The man he had thought of sending down to divert Miss Monypenny's affections from the young doctor was Jephson, the History coach, at that hour waiting for a professorship to enable him to marry Miss Willoughby.

However, he dismissed Mrs. Nicholson and her ward from his mind. About a fortnight later Merton received a letter directed in an uneducated hand. 'Another of the agricultural classes,' he thought, but, looking at the close of the epistle, he saw the name of Eliza Nicholson. She wrote:

'Sir,-Barbara has been at her glass ball, and seen him being carried on board a ship. If she is right, and she is not always wrong, he is on his way home. Though I will never give my consent, this spells botheration for me. You can send down your young man that cures by teleopathy, a thing that has come up since my time. He can stay at the Perch, and take a fishing rod, then they are safe to meet. I trust him no more than the rest, but she may fall between two stools, if the doctor does come home.

'Your obedient servant,

'Eliza Nicholson.'

'Merely to keep one's hand in,' thought Merton, 'in the present disappointing slackness of business, I'll try to see Jephson. I don't like or trust him. I don't think he is the man for Miss Willoughby. So, if he ousts the doctor, and catches the heiress, why "there was more lost at Shirramuir," as Logan says.'

Merton managed to go up to Oxford, and called on Jephson. He found him anxious about a good, quiet, cheap place for study.

'Do you fish?' asked Merton.

'When I get the chance,' said Jephson.

He was a dark, rather clumsy, but not unprepossessing young don, with a very slight squint.

'If you fish did you ever try the Perch-I mean an inn, not the fish of the same name-at Walton-on-Dove? A pretty quiet place, two miles of water, local history perhaps interesting. It is not very far from Tutbury, where Queen Mary was kept, I think.'

'It sounds well,' said Jephson; 'I'll write to the landlord and ask about terms.'

'You could not do better,' said Merton, and he took his leave.

'Now, am I,' thought Merton as he walked down the Broad, 'to put Jephson up to it? If I don't, of course I can't "reap the benefit of one single pin" for the Society: Jephson not being a member. But the money, anyhow, would come from that old harpy out of the girl's estate. Olet! I don't like the fragrance of that kind of cash. But if the girl really is plain, "a toad," nothing may happen. On the other hand, Jephson is sure to hear about her position from local gossip-that she is rich, and so on. Perhaps she is not so very plain. They are sure to meet, or Mrs. Nicholson will bring them together in her tactful way. She has not much time to lose if the girl's glass ball yarn is true, and it may be true by a fluke. Jephson is rather bitten by a taste for all that "teleopathy" business, as the old Malaprop calls it. On the whole, I shall say no more to him, but let him play the game, if he goes to Walton, off his own bat.'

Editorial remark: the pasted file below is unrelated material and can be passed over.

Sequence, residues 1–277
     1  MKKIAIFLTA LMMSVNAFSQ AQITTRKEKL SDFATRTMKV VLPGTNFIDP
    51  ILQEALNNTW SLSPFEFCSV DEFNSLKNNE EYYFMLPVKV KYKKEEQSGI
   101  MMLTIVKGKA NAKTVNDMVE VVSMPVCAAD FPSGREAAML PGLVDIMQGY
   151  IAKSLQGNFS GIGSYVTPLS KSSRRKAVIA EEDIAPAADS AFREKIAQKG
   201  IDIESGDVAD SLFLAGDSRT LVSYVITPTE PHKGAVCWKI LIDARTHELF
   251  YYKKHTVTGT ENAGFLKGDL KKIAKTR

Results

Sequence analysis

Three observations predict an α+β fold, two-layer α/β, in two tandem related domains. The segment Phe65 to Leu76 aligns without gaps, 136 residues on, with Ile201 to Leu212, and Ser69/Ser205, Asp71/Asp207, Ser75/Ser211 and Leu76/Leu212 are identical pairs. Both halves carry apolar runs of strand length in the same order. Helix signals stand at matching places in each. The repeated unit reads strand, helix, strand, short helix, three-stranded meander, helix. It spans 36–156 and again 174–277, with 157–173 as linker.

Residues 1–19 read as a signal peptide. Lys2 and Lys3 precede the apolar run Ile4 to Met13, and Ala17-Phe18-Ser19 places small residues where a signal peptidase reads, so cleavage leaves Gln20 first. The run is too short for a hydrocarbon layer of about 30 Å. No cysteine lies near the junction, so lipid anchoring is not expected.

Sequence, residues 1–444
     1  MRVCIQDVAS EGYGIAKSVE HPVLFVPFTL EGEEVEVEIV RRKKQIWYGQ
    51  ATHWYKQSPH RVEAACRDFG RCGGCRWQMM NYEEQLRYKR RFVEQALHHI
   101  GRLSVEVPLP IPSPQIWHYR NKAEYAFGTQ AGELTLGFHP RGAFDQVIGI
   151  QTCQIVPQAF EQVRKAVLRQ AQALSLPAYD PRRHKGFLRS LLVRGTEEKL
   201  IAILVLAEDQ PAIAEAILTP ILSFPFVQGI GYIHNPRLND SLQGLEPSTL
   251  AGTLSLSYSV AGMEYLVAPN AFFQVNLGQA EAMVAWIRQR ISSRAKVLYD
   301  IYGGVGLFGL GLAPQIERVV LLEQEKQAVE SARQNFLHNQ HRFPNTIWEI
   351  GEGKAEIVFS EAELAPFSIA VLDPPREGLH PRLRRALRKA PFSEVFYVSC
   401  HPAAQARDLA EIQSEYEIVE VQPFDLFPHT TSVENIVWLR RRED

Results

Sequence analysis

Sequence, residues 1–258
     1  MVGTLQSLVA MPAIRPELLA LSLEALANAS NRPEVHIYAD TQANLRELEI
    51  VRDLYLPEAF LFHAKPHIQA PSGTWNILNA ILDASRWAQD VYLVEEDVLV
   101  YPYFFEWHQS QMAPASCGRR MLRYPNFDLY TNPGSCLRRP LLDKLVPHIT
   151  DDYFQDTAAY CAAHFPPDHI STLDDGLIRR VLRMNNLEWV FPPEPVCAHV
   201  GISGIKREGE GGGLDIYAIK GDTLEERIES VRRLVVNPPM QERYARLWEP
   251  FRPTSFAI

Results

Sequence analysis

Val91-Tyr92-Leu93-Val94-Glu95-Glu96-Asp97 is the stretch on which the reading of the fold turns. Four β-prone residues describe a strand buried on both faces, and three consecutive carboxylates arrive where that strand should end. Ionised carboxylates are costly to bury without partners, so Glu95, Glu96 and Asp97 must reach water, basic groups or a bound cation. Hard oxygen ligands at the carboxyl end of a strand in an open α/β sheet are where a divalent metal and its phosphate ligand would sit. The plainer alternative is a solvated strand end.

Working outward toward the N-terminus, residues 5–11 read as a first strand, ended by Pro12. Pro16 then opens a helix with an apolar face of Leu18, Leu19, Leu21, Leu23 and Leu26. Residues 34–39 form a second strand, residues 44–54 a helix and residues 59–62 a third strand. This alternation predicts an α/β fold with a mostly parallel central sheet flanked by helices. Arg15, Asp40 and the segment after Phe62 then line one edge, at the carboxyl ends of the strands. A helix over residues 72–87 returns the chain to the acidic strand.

Presently Merton received a note from Jephson dated 'The Perch, Walton-on-Dove.' Jephson expressed his gratitude; the place suited his purpose very well. He had taken a brace and a half of trout, 'bordering on two pounds' ('one and a quarter,' thought Merton). 'And, what won't interest you,' his letter said, 'I have run across a curiously interesting subject, what you would call hysterical. But what, after all, is hysteria?' &c., &c.

'L'affaire est dans le sac!' said Merton to himself. 'Jephson and Miss Monypenny have met!'

Weeks passed, and one day, on arriving at the office, Merton found Miss Willoughby there awaiting his arrival. She was the handsome Miss Willoughby, Jephson's betrothed, a learned young lady who lived but poorly by verifying references and making researches at the Record Office.

Merton at once had a surmise, nor was it mistaken. The usual greetings had scarcely passed, when the girl, with cheeks on fire and eyes aflame, said:

'Mr. Merton, do you remember a question, rather unconventional, which you put to me at the dinner party you and Mr. Logan gave at the restaurant?'

'I ought not to have said it,' said Merton, 'but then it was an unconventional gathering. I asked if you-'

'Your words were "Had I a spark of the devil in me?" Well, I have! Can I-'

'Turn it to any purpose? You can, Miss Willoughby, and I shall have the honour to lay the method before you, of course only for your consideration, and under seal of secrecy. Indeed I was just about to write to you asking for an interview.'

Merton then laid the circumstances in which he wanted Miss Willoughby's aid before her, but these must be reserved for the present. She listened, was surprised, was clearly ready for more desperate adventures; she came into his views, and departed.

'Jephson has played the game off his own bat-and won it,' thought Merton to himself. 'What a very abject the fellow is! But, after all, I have disentangled Miss Willoughby; she was infinitely too good for the man, with his squint.'

As Merton indulged in these rather Pharisaical reflections, Mrs. Nicholson was announced. Merton greeted her, and gave orders that no other client was to be admitted. He was himself rather nervous. Was Mrs. Nicholson in a rage? No, her eyes beamed friendly; geniality clothed her brow.

'He has squared her,' thought Merton.

Indeed, the lady had warmly grasped his hand with both of her own, which were imprisoned in tight new gloves, while her bonnet spoke of regardlessness of expense and recent prodigality. She fell back into the client's chair.

'Oh, sir,' she said, 'when first we met we did not part, or I did not-you were quite the gentleman-on the best of terms. But now, how can I speak of your wise advice, and how much don't I owe you?'